The case of health care

The aspect of power within an organization works to influence or control human element behavior via behavioral manipulation contingencies. In this case, an individual ought to be powerful by deliberately accessing effective behavioral consequences as well as the required skills to employ them in a contingent manner. The impact than any form of organizational power has on the entire organization's operations, mainly depend on the influence that the individual has on the subordinates' behavior and the perceptions held by others on such individuals. According to Jasper (2005), within the healthcare sector the aspect of power influence various decision both in the initiation stages and during the implementation procedures.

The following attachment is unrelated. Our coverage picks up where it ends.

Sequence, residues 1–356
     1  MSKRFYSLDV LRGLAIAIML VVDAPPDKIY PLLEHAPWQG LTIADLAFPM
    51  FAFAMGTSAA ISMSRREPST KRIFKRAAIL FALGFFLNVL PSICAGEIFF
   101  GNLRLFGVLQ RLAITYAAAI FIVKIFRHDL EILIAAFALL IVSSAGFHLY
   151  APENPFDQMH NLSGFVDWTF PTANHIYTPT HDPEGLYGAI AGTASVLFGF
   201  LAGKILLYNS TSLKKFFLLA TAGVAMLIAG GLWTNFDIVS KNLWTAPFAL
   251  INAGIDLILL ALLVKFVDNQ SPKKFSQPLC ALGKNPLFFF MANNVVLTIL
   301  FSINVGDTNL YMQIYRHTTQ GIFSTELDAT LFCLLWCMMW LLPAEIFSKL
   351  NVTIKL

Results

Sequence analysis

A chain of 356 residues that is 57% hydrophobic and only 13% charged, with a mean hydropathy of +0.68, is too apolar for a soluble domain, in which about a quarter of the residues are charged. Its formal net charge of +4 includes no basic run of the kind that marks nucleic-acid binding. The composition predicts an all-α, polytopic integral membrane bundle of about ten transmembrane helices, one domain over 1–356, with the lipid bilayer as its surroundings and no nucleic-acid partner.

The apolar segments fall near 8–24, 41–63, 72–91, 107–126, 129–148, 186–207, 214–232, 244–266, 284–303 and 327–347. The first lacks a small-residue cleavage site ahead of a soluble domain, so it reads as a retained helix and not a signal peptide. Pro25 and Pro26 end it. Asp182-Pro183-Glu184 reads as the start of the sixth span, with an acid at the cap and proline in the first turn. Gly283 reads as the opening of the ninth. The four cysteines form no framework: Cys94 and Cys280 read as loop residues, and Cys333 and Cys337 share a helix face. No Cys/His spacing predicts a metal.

Whether formal or informal, power controls and influences the key interpersonal relationship between the subordinates and the management. There are four aspect of power exhibited in any healthcare. First, subordinates in any healthcare have their behavior or conduct greatly influenced by the formal positional powers that the management have over them. For example, the hospitalists and other nurses have their contribution in the organization mainly affected by formal authority tickling-down the hierarchy, thus such staffs get their work-done in reference to management's directives. Here the aim it's to mainly influence the decisions made by the juniors for the benefit or the entire organization. Secondly, the perceived relevance power acts as an informal power that impact on subordinates conduct by allowing an individual to exercise power inline with the organization's priorities. For example, using relevance power a senior nurse would be obliged to make key decisions regarding the outpatients or even inpatient attendant care issues (Rigolosi, 2005).